Manga panels restrict an artist from portraying an observable passage of time, challenging the adaptation of the Lovecraftian style of lore in the medium. This invites artists to invent eccentric solutions for building tension and dread in the horror genre. Junji Ito’s approach to creating horror in panels relies on the quotidian nature of human lives. Through his exploration of cosmic horror, Ito creates transgressive art that is unexpectedly relatable to the human experience.
1. Junji Ito’s Exploration of the Collective: Uzumaki (1998)
Uzumaki is set in the fictional town of Kurouzo-cho. The manifestation of a curse occurs sequentially and methodically in each panel. Readers observe sporadic occurrences of spirals in plants, clouds, and other inanimate backdrop items, which gradually metastasize and infect larger areas of the panels, much like a growing infection. At first, the fixation on a snail covers an entire page. Eventually, spirals become ubiquitous: clothes, posters, décor, with the human body being the final frontier. The progression of spirals provides readers with a linear passage of time as an unsettling dread rises out of the relatability of everyday life.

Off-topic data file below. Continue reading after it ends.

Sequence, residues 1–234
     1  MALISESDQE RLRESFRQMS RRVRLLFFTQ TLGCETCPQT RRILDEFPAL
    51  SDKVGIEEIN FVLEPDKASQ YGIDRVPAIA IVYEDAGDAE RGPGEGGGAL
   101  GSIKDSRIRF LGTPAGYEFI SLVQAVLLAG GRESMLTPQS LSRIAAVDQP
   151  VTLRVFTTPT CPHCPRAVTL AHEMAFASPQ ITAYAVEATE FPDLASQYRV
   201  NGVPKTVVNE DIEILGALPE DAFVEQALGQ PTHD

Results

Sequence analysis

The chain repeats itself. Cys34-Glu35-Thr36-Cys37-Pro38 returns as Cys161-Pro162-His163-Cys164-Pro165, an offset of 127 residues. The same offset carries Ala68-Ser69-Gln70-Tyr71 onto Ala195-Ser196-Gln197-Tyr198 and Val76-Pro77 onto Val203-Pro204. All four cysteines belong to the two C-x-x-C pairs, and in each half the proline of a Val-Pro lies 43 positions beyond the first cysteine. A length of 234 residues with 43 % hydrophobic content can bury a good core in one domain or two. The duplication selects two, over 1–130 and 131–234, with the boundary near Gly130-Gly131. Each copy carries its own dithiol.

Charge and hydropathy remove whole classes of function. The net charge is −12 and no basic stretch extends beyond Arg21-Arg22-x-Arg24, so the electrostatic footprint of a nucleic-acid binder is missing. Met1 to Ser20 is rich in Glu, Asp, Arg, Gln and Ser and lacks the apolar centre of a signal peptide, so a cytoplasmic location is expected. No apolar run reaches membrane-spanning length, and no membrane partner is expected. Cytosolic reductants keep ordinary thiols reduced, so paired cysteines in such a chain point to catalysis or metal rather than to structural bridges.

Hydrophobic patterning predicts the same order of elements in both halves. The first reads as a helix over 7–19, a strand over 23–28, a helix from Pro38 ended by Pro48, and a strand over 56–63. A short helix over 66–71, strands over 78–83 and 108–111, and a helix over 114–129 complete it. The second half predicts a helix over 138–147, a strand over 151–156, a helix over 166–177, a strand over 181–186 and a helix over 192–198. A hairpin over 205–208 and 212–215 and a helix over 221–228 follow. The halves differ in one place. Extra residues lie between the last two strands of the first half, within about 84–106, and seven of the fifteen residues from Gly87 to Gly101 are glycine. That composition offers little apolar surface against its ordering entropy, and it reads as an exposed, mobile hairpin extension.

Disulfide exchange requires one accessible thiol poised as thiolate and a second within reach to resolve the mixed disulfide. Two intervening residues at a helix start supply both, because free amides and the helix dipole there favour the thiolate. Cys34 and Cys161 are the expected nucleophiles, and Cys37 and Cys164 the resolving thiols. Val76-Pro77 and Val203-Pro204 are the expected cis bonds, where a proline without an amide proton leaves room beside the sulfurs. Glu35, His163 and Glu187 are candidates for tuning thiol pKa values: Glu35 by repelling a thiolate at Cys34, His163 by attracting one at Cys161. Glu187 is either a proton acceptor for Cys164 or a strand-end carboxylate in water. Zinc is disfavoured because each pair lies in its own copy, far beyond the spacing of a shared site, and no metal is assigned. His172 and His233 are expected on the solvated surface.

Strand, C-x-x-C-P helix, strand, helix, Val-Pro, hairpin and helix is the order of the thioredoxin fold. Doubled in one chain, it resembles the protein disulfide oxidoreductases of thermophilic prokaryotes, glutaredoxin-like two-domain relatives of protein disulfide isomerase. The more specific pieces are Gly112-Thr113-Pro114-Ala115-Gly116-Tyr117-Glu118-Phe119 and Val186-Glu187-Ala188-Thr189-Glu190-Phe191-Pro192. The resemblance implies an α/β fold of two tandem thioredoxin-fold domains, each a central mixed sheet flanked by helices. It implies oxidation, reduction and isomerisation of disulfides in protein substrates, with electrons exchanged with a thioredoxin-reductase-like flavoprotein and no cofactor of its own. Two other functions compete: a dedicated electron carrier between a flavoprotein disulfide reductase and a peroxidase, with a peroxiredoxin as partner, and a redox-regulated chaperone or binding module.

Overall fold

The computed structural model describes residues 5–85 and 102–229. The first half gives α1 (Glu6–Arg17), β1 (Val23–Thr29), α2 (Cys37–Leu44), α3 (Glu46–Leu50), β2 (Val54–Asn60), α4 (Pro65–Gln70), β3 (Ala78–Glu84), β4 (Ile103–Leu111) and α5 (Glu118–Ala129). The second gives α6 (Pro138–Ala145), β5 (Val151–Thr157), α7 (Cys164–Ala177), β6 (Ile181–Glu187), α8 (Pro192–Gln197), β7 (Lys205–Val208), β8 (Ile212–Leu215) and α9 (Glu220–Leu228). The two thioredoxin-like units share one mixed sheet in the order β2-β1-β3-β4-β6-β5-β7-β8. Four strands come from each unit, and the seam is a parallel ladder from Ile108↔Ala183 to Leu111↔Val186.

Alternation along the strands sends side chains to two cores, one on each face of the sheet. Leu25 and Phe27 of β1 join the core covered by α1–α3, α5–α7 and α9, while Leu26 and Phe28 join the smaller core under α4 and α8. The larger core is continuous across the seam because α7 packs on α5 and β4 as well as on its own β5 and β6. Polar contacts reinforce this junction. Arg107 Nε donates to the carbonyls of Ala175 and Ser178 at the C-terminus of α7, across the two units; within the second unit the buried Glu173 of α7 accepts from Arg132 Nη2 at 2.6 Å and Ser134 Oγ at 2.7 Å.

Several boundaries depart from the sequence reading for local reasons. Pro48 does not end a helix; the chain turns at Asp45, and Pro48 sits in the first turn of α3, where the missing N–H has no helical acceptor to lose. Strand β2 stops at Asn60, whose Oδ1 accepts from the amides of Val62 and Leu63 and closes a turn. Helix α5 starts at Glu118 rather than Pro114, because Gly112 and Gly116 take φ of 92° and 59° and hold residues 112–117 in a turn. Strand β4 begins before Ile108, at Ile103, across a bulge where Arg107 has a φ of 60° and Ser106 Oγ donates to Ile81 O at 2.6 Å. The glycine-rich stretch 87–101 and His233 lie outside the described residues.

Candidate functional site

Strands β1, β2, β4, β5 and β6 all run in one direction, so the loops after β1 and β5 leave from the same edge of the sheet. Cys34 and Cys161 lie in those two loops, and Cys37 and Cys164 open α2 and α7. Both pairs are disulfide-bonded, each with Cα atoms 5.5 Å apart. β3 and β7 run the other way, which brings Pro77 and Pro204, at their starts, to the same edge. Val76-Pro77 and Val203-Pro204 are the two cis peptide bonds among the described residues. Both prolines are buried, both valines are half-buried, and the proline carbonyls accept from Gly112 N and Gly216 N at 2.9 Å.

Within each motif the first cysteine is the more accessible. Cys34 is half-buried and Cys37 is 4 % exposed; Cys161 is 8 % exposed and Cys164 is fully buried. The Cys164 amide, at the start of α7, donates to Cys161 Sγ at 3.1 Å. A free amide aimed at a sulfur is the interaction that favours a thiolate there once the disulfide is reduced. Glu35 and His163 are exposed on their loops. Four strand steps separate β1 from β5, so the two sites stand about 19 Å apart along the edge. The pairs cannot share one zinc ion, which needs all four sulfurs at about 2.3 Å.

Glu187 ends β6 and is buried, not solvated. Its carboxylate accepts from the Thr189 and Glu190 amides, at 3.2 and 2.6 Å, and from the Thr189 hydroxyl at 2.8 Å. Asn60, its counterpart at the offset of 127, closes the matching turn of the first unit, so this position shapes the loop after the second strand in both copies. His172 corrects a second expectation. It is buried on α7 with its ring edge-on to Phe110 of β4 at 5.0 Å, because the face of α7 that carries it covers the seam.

The hypnotic nature of the omnipresent spirals incites a comparison to varied forms of larger collectives such as hive minds, blended realities, and obsessive group behaviors that are mimetic in nature. The excellence of Ito’s body horror gradually climaxes into the cosmic reconstruction of Kurouzo-cho as a palatial singular organism. Others may view the curse of the spirals through the lens of individualism with the notion of spiraling through emotional instability or obsessive introspection. In both interpretations, Ito masterfully creates a void for readers to behold his art by veiling the source of the curse in the unknown.
2. The Dangers of Interactions: Dissolving Classroom (2017)
Get the latest articles delivered to your inboxSign up to our Free Weekly Newsletter